Who’s Afraid of Modern Art?

Who’s Afraid of Modern Art? February 17, 2015

Who’s afraid of modern art?” asks Daniel Siedell. He answers, “I am.” As critic and curator, Siedell is passionately devoted to modern art. It frightens him because that is what it’s supposed to do.

Munch’s The Scream, for instance, doesn’t just express the painters own anxieties. It is “an attempt to externalize the fear that plagued him, the fear that no one could hear him scream, that what coursed through nature actually coursed through his veins, and his alone. For Munch nature became an echo chamber where his own anxiety in the fear of death could only yield a desperate, silent scream. But The Scream is Munch’s attempt to get out, to allow it to be heard, somehow, in paint and pastel.” The painting is “the sound of our response to nature’s brute silence and indifference, undisclosed as gift through God’s Word” (21).

Siedell worries that Christians soften modern art by looking at it through the diffusing lens of Christian worldview. It’s not supposed to express a worldview. It confronts “us with our own mortality, our own weakness, failure, and impending death.” Perhaps, he suggests, it’s the disquiet the painting produces, and not Munch’s “worldview,” that makes Christians recoil. We don’t want to be reminded of death and deathly silence, so we file the painting away as nihilistic instead of looking at it, receiving it (22).

Siedell knows that for Christians The Scream cannot be the last word, but “in its articulation of pain and suffering, in its diagnosis of our human condition . . . it must be the first word that we hear” (22).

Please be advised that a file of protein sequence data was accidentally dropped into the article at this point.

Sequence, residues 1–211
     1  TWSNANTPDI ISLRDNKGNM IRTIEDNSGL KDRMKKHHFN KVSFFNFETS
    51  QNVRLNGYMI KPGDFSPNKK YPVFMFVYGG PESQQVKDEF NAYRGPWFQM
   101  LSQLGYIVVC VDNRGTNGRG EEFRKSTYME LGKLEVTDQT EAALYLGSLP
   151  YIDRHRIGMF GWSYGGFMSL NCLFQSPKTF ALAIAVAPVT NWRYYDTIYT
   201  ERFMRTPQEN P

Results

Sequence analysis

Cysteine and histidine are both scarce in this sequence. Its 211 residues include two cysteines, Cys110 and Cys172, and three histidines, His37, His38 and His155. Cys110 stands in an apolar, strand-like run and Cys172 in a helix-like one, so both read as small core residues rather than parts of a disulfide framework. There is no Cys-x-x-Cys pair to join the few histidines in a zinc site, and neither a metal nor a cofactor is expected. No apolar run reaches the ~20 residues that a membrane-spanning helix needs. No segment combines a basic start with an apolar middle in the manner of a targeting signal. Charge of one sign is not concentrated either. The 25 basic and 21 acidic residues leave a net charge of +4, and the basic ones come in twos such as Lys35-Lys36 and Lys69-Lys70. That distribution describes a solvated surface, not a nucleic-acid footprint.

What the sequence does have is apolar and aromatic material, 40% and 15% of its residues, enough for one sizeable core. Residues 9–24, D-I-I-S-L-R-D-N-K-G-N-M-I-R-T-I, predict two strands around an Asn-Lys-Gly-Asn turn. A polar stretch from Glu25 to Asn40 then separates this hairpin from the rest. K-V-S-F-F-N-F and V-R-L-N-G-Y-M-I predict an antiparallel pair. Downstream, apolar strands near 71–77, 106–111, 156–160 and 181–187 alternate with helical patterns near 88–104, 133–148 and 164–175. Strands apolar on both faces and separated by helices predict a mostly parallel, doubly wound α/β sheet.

Christians need to be involved in the arts, but not, Siedell insists, as Christian artists or critics—not in the sense of coming to art with a pre-arranged worldview filter. Christians should enter the art world as listeners, receivers. Christians can thrive in the world of modern art because they have been freed: “The world needs us to pay attention to the insightful art, music, film, and poetry that is already out there, the work that comes from pain, suffering, and brokenness, the world that plumbs the range of human emotion and feeling. . . . The world desperately needs us to live freely out of the grace that God gives . . . to live not as righteous culture judges, but as broken sinners bearing witness with the arts to God’s sustaining peace amidst the city.” We can have this freedom “only if we keep our sinfulness and frailty before us,” since “the remembrance of our own unrighteousness and disobedience frees us from the reactionary and defensive posture toward art and culture, allowing us to love our artistic neighbors by loving their art, poetry, music, and film. We are free to make ourselves vulnerable to art, allowing it to work on us as art” (31).